Financial Geekery

Handling money as a couple

January 13, 2019

It's one thing to have your financial ducks in a row as an individual -- climbing the financial ladder, heading towards the 50/20/10 goal, figuring out retirement. Once you add another human being to the mix, things get an order of magnitude more complicated. (And if you're parents, you get another level of complexity -- and less time and energy to handle it with!)

 

Here are a couple of strategies that can help.

 

The foundation: money time

 

First and foremost, I recommend "money time". (Silly name, serious strategy!) Implemented and used properly, this can be the foundation on which all future financial success can be built! By setting aside dedicated time for "money work", you can ensure that you and your partner stay on the same financial page, and are making steady progress towards your financial goals. 

 

What does that look like? Simply put, money time is a weekly 30-60 minute meeting, with no distractions, at the same time each week, to work on your financial goals. There's a lot packed into that sentence, so let's break it down bit by bit:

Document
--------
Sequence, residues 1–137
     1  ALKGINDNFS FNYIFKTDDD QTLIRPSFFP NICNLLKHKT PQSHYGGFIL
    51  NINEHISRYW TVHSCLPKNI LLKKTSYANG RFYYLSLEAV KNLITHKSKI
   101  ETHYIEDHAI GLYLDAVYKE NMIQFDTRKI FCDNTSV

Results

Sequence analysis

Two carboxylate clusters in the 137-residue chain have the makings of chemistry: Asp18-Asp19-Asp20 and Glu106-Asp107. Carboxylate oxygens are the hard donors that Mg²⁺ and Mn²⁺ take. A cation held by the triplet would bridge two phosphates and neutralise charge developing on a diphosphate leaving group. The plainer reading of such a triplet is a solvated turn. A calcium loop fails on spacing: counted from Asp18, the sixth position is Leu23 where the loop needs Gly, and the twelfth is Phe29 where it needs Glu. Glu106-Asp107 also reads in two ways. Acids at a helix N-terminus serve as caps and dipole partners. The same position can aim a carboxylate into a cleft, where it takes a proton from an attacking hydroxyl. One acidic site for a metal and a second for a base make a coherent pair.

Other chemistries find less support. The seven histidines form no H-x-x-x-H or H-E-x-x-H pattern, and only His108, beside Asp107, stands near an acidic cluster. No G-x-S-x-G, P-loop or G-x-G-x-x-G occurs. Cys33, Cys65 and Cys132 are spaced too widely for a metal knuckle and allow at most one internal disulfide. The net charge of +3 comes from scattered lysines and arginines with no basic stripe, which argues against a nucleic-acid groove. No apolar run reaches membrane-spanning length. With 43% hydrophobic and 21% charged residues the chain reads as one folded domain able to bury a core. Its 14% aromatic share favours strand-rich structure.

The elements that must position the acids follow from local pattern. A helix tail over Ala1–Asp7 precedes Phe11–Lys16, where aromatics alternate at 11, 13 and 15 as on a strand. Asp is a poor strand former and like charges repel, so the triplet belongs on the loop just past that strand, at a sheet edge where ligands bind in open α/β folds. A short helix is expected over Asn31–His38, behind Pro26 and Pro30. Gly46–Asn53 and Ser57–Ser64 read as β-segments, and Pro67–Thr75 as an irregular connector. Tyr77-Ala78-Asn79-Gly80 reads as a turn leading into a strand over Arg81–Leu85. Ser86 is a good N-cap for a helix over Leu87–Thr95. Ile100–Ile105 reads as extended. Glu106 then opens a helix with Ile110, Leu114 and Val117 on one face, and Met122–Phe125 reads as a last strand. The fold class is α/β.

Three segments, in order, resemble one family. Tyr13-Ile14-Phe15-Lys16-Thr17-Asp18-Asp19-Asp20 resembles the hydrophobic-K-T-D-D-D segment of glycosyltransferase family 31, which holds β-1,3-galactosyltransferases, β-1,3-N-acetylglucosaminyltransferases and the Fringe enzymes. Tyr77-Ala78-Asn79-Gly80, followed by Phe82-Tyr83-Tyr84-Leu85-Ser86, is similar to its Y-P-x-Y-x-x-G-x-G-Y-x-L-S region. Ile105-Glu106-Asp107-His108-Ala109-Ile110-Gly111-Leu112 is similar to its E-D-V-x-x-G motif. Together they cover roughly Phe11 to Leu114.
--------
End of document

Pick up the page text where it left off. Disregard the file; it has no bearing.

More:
Money time: This is money time, not a date! I encourage you to incorporate wine or coffee or something you like into it, but this is no substitute for actual quality time with each other. 

 

Weekly: I recommend you do this weekly. Not daily, not monthly, but weekly; this strikes a good balance between "too frequent to be realistic" and "too infrequent to be effective". (If you occasionally miss one because of a vacation, that's fine; weekly is frequent enough that you won't miss anything huge, as long as you don't make a habit of skipping.)

 

30-60 minutes: Some times there will be a lot to talk about; some times, less. Adjust money time to fit your current situation.

 

No distractions: No TV, no other people around, and especially no children -- they should be in bed or otherwise occupied. Several of my clients do their money time over Saturday or Sunday morning coffee, when their kids are sleeping in. The quiet allows them to focus deeply and think clearly.